This novel is based on stories Aloysius A. Lutz heard growing up in Dunkirk, New York, in the early 20th Century - stories he later told to his son, Richard.
The story's factual content reads like a documentary of ocean travel at the end of the 19th Century. The reader will become familiar with the details of traveling by sail in 1869 - the conditions of travel as well as the physical and emotional problems the passengers. The story is told mostly through the eyes of a newlywed couple, Paul Adamik and Jadwiga Wdowiak Adamik. At its beginning, she finds him, an obedient soldier in the Prussian army, intending to re-enlist, carry on his family's farming tradition, or accept an offer to become the caretaker of his German lieutenant's lands in occupied Poland. But she is a strong-willed fisherman's daughter from the Baltic coast, and she has different plans for him.
Father and son augmented the stories, remembered by the father, with scrupulous research. They portray the tensions among Poles caused by the political situation of those times when Poland was partitioned among three neighboring powers, Russia, Prussia, and Austria. The difficulty of life in occupied Poland was the main reason why so many people left their homeland in that time, responding to the stories of a free America. This is shown in the book very well. If you enjoy adventure and romance - you will find it in the book also.
People who decided to travel oversees had to be very brave and desperate, like the statement from the book, "the fearful never left and the weak never survived." Anybody who decided to go oversees had to sell everything before travel, knowing he might never return. He needed all that money to start life in a different part of the world.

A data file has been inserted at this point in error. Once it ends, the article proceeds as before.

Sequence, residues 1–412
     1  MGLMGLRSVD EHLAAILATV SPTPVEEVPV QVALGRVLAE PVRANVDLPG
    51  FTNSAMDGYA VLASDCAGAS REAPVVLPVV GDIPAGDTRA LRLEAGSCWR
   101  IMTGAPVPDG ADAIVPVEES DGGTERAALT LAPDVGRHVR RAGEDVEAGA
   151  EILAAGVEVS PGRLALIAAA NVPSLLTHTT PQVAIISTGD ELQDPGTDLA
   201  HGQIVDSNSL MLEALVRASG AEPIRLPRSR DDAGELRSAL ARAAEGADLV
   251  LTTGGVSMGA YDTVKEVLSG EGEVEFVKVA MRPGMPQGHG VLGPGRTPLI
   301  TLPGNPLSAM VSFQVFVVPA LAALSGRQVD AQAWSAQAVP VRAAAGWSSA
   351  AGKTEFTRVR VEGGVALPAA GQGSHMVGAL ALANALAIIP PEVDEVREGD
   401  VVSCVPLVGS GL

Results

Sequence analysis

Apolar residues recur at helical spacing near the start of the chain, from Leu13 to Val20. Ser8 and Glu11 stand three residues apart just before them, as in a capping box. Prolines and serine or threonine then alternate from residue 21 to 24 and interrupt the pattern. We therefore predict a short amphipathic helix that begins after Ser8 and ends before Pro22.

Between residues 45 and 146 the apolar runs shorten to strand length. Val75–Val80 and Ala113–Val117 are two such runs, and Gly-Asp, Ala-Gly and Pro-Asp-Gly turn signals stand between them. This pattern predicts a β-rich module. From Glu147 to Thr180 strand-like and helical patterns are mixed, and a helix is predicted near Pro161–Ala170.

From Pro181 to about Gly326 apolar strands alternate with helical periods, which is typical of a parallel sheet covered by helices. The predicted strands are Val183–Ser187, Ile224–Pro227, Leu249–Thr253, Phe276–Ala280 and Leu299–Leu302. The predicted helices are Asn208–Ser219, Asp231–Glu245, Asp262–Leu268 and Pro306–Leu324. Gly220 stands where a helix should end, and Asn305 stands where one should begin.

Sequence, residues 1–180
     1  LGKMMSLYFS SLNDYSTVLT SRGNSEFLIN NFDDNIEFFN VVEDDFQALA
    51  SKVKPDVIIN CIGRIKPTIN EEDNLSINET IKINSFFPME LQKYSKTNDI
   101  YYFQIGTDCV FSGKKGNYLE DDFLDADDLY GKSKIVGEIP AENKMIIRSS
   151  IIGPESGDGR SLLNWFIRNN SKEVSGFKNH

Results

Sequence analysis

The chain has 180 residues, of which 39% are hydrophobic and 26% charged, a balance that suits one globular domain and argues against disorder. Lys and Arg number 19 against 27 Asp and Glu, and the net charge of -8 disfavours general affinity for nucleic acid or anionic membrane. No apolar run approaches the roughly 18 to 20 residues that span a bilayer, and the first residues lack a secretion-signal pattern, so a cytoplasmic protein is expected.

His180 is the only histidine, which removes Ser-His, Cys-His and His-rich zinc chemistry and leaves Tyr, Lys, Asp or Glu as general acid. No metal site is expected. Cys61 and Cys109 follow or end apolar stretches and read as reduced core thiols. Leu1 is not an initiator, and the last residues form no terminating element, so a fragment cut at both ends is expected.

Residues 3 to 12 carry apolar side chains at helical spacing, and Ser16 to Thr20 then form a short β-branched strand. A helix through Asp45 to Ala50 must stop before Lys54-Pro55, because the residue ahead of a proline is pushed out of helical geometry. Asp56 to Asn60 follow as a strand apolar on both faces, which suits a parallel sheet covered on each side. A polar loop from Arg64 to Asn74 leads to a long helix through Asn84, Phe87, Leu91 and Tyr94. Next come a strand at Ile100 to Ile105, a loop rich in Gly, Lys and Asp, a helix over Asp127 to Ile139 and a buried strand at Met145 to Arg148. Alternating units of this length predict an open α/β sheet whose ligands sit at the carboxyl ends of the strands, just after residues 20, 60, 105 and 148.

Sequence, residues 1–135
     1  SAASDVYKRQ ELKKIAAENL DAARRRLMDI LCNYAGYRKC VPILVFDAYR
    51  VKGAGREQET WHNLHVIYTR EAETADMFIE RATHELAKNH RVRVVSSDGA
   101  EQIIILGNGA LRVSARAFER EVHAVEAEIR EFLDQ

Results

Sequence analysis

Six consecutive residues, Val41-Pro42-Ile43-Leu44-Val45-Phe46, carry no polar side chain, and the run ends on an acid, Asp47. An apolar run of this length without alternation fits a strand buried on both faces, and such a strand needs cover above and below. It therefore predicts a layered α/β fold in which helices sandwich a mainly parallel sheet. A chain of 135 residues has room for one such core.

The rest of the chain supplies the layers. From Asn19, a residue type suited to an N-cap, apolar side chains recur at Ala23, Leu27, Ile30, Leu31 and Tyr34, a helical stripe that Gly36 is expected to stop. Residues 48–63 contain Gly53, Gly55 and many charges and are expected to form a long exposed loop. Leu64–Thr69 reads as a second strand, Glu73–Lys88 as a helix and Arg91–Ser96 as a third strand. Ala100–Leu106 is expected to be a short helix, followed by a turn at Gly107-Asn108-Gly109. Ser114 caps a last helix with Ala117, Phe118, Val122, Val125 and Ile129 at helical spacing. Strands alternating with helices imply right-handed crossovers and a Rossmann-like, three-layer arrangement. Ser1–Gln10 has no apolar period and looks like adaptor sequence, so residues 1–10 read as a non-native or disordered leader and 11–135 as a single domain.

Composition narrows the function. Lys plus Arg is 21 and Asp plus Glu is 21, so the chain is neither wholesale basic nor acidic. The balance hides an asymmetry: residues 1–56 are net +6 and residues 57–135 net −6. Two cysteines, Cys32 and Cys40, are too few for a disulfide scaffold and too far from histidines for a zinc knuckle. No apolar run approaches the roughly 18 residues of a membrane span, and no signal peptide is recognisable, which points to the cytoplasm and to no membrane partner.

Early in the 19th Century, just getting to a port of embarkation might mean days or weeks of travel on foot, by rivercraft, or in horse-drawn vehicles. But by the middle of 19th Century, the spread of railroads made it easy. The first part of travel of Jadwiga and Paul is done by train to Bremenhaven, Germany. Then they embark with other Polish immigrants on the ship Frederika in the cheapest steerage class amid livestock.
Under normal circumstances, the travel would have taken about a month, and Jadwiga's baby - she is now pregnant - would be born in America, as she has planned. But the Frederika, pressed into service for the emigration trade, is not competently managed and the ship is damaged, extending the travel. Food grows short, and steerage passengers get the worst of it. It is painful for parents to see their children hungry, and the situation calls for desperate measures.
Despite the difficulty of such travel, there are many joyful moments as an elderly couple entertain children with Bible stories and tales that will boost patriotic feelings for both Poland and America.
I recommend this immigration story to everybody, but especially to those whose ancestors came to America during the great immigration wave. It will teach every reader - and it is acceptable reading for youngsters, too - to have the greatest respect for the Poles of the 19th Century who risked so much to start a new life in America.
Jadwiga's Crossing: a story of the Great Migration by Richard J. Lutz